To clearly show the effect of the decoupling cavity and element arrangement on array coupling, two elements arranged side by side and two elements arranged end to end were analysed, as shown in Figs 9 and 10, respectively. From Fig. 9, we can observe that the mutual coupling decreases with distance Dy in both two cases, with and without the decoupling cavities, and S21 in the case with the decoupling cavity is approximately 5 dB weaker than that in the case without the decoupling cavity, which means that both the decoupling cavity and the large element distance can weaken mutual coupling. From Fig. 10, we can see that S21 in the case with the decoupling cavity is approximately 3 dB weaker than that in the case without the decoupling cavity, which is similar to Fig. 9. However, the trend in the variation in mutual coupling with Dx differs from that with Dy. In the operational frequency band, the mutual coupling decreases when the distance Dx changes from 0 to 10 mm and then increases in both two cases (with and without decoupling cavities). When Dx is near 0, the distance between the two elements is very small, and the coupling is therefore strong; as Dx increases, the distance increases, and the coupling decreases. However, when the right element moves further in the –y direction, the direction of the radiation emitted by the proposed bidirectional element becomes significant. We know that the radiation of the element is near the ± y direction. In the near field, the electric fields are strong around the open edges and weak around the short edges, as shown in Fig. 4. When Dx increases above 10 mm, the two elements approach the direction of strong radiation and enter the strong field area, where the mutual coupling increases. Therefore, our proposed stair-step distribution for the antenna array is able to not only significantly avoid scanning grating lobes but also efficiently decreases mutual coupling.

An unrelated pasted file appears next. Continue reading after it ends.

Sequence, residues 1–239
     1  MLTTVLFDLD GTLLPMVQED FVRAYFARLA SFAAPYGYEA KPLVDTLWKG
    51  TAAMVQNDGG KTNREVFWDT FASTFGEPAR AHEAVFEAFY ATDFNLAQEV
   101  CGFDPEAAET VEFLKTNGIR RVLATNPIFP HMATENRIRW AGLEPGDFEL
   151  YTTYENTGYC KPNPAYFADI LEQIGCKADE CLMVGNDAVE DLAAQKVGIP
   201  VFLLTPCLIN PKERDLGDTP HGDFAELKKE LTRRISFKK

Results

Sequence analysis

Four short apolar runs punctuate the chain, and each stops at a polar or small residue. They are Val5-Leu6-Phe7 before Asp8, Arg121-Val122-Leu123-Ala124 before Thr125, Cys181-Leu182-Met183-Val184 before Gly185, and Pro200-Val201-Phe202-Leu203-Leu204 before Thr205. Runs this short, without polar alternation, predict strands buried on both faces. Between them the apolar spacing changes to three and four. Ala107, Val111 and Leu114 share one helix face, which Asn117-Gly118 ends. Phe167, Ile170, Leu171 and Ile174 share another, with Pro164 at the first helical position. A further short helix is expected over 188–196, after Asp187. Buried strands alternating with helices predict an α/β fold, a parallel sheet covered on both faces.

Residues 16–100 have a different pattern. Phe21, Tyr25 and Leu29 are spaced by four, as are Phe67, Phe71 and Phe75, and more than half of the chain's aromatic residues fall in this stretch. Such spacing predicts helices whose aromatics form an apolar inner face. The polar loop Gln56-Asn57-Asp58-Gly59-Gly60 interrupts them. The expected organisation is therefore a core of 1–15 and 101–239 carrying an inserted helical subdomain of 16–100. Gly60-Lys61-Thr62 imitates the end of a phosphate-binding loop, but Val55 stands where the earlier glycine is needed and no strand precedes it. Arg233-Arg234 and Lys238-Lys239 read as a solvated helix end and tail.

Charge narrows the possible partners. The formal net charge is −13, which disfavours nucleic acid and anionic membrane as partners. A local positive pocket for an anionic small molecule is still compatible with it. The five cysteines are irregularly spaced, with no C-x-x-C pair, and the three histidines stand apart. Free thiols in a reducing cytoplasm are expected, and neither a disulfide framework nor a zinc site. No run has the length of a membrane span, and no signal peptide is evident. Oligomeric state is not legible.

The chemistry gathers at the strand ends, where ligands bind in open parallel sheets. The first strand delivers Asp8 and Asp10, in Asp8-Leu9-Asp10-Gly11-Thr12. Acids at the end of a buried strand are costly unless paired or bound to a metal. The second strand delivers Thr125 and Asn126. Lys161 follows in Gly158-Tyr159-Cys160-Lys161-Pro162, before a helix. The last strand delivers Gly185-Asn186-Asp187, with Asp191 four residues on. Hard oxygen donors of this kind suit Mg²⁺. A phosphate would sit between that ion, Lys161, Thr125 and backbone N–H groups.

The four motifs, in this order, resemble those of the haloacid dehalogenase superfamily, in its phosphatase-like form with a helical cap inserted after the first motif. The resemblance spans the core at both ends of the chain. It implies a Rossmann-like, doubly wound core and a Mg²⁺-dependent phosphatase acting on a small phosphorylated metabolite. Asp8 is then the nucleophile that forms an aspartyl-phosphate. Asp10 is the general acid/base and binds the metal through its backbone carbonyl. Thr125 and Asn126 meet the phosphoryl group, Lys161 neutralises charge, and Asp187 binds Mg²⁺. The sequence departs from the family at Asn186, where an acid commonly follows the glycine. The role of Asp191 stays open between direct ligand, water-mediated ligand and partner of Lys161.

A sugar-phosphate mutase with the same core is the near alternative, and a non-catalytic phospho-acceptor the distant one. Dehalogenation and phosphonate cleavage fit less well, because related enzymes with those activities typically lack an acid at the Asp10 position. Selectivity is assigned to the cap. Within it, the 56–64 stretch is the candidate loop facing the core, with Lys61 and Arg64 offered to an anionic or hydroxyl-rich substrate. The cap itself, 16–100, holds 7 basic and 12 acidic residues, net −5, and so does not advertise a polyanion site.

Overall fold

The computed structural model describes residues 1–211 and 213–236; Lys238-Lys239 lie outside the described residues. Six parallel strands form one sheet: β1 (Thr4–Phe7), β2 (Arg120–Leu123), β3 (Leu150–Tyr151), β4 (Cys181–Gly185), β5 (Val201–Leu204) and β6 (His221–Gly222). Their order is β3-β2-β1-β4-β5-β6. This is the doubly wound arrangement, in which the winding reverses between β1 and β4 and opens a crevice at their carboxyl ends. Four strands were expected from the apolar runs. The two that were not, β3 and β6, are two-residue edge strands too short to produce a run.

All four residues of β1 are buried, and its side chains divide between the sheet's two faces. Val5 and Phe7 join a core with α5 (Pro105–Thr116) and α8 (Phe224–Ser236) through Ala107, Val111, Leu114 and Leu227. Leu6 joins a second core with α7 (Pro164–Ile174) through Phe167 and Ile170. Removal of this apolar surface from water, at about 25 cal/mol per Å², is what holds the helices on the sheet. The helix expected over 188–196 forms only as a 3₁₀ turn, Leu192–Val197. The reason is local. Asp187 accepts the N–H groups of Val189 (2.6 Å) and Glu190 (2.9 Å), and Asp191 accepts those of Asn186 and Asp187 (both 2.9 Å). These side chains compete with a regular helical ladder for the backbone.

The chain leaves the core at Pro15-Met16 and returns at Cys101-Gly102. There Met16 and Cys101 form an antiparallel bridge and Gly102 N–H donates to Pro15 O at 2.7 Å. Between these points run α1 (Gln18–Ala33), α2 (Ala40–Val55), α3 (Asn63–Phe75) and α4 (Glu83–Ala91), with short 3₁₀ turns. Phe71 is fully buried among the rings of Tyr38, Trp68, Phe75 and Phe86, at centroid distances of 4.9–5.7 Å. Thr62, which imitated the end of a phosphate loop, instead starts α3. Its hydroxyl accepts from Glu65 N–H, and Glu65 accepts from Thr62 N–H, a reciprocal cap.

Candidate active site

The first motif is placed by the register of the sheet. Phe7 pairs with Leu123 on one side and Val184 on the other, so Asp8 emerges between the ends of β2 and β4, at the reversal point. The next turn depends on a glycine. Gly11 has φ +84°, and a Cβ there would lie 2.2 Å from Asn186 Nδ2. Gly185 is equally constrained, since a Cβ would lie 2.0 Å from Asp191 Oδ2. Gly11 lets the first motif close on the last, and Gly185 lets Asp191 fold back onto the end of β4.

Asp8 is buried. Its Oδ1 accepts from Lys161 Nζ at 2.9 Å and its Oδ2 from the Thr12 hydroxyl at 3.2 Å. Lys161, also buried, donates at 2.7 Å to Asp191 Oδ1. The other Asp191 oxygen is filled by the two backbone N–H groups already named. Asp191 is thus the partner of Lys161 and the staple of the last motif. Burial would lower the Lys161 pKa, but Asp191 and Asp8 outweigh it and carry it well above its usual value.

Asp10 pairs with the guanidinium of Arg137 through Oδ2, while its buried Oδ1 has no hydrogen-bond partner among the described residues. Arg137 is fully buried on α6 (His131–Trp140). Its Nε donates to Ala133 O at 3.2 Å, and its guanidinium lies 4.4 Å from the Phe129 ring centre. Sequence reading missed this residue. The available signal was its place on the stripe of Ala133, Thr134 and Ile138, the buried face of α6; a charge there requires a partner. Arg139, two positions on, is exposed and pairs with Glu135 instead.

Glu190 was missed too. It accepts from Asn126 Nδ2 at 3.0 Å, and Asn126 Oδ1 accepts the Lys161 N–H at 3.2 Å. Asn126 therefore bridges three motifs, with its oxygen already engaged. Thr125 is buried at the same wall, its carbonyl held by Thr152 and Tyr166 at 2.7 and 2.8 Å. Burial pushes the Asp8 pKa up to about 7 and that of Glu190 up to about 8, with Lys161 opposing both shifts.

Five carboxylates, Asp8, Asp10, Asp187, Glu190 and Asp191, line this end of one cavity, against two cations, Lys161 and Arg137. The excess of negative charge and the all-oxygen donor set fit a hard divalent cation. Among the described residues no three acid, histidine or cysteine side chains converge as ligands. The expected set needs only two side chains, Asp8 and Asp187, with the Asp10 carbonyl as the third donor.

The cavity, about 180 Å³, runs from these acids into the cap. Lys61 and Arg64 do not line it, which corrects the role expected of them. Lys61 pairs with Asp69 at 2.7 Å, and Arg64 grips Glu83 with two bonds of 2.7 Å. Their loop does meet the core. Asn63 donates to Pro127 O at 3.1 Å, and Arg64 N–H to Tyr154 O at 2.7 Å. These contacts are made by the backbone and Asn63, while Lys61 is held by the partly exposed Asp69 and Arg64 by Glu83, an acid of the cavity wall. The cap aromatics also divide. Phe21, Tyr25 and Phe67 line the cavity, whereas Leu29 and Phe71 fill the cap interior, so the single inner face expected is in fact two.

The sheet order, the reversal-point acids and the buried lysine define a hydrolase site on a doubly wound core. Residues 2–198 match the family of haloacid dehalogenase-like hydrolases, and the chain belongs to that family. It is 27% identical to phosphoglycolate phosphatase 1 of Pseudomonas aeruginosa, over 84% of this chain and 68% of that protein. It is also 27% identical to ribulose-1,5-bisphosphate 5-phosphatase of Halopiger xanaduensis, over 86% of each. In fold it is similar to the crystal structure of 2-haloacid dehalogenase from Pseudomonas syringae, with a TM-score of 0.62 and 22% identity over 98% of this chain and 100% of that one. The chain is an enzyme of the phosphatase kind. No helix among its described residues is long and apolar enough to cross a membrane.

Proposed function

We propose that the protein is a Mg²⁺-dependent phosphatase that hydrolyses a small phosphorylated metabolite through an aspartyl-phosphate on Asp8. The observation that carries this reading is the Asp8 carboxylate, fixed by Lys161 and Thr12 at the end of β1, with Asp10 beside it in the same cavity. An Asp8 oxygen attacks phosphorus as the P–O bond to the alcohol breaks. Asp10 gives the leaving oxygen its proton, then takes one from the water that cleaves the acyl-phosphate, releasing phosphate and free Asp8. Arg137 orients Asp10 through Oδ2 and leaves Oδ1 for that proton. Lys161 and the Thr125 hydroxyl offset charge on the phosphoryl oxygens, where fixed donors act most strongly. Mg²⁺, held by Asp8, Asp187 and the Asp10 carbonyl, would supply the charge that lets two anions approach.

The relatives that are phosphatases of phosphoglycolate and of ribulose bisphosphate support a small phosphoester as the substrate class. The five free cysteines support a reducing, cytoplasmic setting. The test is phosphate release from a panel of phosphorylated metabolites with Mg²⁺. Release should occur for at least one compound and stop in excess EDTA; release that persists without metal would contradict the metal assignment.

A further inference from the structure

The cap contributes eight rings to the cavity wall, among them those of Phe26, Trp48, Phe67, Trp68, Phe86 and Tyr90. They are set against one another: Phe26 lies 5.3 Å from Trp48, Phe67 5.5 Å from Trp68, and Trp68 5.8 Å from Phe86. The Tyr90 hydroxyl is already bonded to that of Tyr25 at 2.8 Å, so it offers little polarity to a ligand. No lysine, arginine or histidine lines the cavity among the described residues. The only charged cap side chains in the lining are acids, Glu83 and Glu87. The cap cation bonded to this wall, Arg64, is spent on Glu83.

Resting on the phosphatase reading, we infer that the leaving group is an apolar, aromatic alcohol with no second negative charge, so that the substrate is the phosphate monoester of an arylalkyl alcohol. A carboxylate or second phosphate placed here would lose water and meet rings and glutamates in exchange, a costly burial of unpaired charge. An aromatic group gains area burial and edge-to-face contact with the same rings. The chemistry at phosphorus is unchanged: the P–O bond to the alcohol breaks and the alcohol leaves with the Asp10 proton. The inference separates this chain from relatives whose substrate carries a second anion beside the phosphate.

Figure 9
Figure 9

Relations between the distance Dy and element coupling. (a) Schematic of the array with two elements arranged along the y direction. (b) S21 versus different distance Dy when the antennas have no decoupling cavities. (c) S21 versus different distance Dy when the antennas have decoupling cavities. The mutual coupling decreases with the distance Dy in both two cases, and S21 map in (c) is approximately 5 dB weaker than that in (b), which means the decoupling cavity can weaken the mutual coupling.

Figure 10
Figure 10

Relations between the distance Dx and element coupling. (a) Schematic of the array with two end-to-end elements. (b) S21 versus different distance Dx when the antennas have no decoupling cavities. (c) S21 versus different distance Dx when the antennas have decoupling cavities. In the operational frequency band, the mutual coupling decreases when the distance Dx increases from 0 to 10 mm and then increases. S21 map in (c) is approximately 3 dB weaker than that in (b), which means the decoupling cavity can weaken the mutual coupling.

The active far-field radiation patterns of each element in the proposed array are shown in Fig. 11. All the elements have bidirectional radiation patterns in both the simulated and measured cases shown in the figures, and the vertically polarized component is 15 dB stronger than the horizontally polarized component. For each element, the two near-end-fire beams are asymmetrical in both the simulated and measured results because of the effect of the other elements in the array.